Mavis Redman, the proprietress of The British Pantry in Redmond, is counting on "lots of cups of tea" to see her through royal-wedding coverage. But Redman concedes Seattle viewers--most of whom are likely to stay up for tomorrow's 3 a.m. ceremony, rather than hop out of their beds early--might need something heartier to sustain them.
Redman is advising viewers who want to keep their snacks authentic to stick with a savory diet.
"I'd have cheese and biscuits," says Redman, a native Brit. "Or a pork pie with some nice chutney and mustard on."
Or, she adds, perhaps a sausage roll, which she says is Prince Charles' personal favorite. "We made sausage rolls for him, many years ago," Redman recalls.
Redman's son Neville proposes a similar smorgasbord for a wedding screening session: "Little finger sandwiches would be yummy," he says.
For Neville Redman, menu planning is a theoretical exercise. Unlike his mother, who's planning to watch the pre-dawn wedding before her Friday shift at the store--"It doesn't happen very often, does it?," she says--Redman the Younger's waiting for the rebroadcast.
"I'm certainly not staying up," Redman says. "Our plan is to be showing it here all day."
While the Redmans' suggestions certainly sound delicious, crustless watercress sandwiches and steaming pork pies might be a tad ambitious after midnight. Here we present 10 iconic British snacks suitable for a night of television watching--and none of them require the eater to do anything more than open a bag.
Hula Hoops come in varieties including roast chicken and smoky bacon, but fans claim it's impossible to improve upon the golden potato rings' original, slightly oily flavor.
While semi-sweet biscuits have been popular in the U.K. since 19th-century advertisers linked them to good digestive health, it wasn't until 1925 that McVitie's thought to coat its cookies in chocolate. More than 80 years later, Prime Minister Gordon Brown declared chocolate biscuits his favorite treat.
The British arm of Frito-Lay issued 15 potato chip flavors in conjunction with the last World Cup. Roast Beef and Yorkshire Pudding crisps--which, according to online reviews, "taste like chicken"--beat out haggis-, barbecue kangaroo-, edam cheese-, cheeseburger-, and paella-themed chips.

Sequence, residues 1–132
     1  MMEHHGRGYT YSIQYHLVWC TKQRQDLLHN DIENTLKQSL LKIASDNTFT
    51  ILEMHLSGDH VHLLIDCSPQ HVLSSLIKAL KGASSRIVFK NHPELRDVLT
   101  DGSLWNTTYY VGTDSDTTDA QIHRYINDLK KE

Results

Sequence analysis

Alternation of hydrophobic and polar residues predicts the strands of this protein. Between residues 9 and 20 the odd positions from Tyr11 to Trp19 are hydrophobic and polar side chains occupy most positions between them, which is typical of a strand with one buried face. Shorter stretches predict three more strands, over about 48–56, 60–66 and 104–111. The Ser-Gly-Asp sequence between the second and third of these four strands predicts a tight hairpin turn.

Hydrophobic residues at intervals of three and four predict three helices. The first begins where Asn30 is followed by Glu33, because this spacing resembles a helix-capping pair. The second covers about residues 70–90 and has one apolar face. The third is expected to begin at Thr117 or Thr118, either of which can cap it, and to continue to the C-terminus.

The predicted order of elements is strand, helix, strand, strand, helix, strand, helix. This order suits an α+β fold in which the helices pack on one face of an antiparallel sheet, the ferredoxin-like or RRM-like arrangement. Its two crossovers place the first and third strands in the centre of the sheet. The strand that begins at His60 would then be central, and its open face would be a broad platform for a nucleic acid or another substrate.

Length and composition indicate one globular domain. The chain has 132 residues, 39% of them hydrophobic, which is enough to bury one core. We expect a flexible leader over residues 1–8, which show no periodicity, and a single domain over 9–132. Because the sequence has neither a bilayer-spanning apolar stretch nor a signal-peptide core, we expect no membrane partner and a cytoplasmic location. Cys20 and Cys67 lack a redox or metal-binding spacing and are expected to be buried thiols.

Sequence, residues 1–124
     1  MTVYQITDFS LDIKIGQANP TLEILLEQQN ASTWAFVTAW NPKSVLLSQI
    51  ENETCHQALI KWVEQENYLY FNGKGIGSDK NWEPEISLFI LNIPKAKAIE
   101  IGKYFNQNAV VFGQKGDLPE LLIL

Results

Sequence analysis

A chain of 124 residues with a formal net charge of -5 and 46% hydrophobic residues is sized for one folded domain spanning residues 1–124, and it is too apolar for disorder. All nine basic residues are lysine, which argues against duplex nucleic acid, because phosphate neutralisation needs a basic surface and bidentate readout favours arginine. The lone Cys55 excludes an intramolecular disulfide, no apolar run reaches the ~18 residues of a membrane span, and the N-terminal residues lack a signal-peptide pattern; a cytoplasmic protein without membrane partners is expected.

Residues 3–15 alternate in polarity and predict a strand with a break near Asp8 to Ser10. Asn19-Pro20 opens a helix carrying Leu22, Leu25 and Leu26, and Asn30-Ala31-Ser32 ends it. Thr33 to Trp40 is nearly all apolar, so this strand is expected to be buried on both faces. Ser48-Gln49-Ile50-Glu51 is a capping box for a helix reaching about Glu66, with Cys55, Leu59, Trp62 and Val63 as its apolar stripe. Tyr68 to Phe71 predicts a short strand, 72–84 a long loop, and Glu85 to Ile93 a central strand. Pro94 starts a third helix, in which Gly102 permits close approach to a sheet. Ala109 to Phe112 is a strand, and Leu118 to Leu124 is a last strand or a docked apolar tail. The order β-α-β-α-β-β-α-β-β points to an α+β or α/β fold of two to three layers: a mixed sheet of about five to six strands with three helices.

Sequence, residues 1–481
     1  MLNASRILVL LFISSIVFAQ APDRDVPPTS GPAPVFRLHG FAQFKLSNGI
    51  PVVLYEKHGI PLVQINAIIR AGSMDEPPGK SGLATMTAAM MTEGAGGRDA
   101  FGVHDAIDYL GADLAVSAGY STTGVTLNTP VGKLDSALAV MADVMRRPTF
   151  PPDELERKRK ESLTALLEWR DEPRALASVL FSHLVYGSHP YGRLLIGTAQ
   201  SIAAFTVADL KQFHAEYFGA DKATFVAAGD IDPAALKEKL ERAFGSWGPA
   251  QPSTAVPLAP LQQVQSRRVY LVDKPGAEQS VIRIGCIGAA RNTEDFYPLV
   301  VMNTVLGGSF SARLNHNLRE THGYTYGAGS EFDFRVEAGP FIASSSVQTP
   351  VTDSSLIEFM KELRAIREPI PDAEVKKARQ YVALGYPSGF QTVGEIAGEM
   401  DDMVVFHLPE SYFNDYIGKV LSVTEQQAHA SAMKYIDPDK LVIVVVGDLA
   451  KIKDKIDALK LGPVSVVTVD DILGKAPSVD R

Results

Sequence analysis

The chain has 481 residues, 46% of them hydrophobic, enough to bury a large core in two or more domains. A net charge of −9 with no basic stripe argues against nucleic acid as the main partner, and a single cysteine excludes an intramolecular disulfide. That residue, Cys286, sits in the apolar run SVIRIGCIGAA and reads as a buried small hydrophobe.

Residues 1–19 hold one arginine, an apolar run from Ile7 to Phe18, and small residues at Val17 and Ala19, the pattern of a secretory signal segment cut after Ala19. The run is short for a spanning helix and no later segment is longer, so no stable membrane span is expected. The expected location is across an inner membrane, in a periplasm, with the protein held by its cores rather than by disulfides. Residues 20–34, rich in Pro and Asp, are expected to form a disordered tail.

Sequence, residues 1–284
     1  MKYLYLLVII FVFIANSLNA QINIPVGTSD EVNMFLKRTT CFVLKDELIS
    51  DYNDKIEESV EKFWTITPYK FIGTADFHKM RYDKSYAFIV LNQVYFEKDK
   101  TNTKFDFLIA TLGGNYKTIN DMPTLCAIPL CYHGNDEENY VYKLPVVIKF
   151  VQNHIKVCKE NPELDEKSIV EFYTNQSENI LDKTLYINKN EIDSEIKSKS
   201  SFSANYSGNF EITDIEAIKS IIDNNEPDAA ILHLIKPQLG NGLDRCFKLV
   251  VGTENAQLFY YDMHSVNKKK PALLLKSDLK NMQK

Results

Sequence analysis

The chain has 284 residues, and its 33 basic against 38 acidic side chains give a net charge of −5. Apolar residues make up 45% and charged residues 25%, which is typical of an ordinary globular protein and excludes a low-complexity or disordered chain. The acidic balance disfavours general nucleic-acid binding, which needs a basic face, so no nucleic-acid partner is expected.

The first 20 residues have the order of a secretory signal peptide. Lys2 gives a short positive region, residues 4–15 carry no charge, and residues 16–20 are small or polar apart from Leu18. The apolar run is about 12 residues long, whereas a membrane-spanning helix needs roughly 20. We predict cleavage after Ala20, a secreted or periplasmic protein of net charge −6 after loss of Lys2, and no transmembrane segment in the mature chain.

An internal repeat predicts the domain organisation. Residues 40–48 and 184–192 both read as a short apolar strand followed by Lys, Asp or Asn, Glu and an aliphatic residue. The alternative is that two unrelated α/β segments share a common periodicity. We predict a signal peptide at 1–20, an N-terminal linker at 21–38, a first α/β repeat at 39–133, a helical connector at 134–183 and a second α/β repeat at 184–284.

Credited with creating the world's first seasoned potato chip, Ireland's leading crisp producer still makes the Cheese & Onion and Salt & Vinegar crisps that launched a junk-food revolution.
British retailer Marks & Spencer is the exclusive purveyor of Percy Pigs, strawberry-flavored fruit gels that draw on the nation's wine gum tradition.
Britishers have a fondness for chilled shrimp, same as Americans. And they swaddle their shrimp in a ketchup-based sauce, just as Americans do. But Brits also use prawn cocktail as a jumping-off point for snacks, including these wildly popular tapioca chips made with sunflower oil and milk.
Think Marmite for the skittish set: If the ad copy for these gnarled baked sticks of yeast extract can be trusted, Twiglets will "entertain your senses!"
In the U.S, malted milk balls are known as Whoppers. In the UK they're called Maltesers, and they're beloved--especially since the company began pitching the relatively low-calorie candy as a diet-friendly indulgence.
Many Brits consider a proper curry their national dish, a sentiment not lost on the ridged-chip wizards at McCoy's, which last year issued two Indian-inspired flavors. The Chicken Jalfrezi and Lamb Vindaloo crisps come with a 2-for-1 meal coupon redeemable at curry houses across the UK.
Something like a porked-up Frito, a Frazzle--designed to look like a bacon strip--is a salty meld of corn and bacon.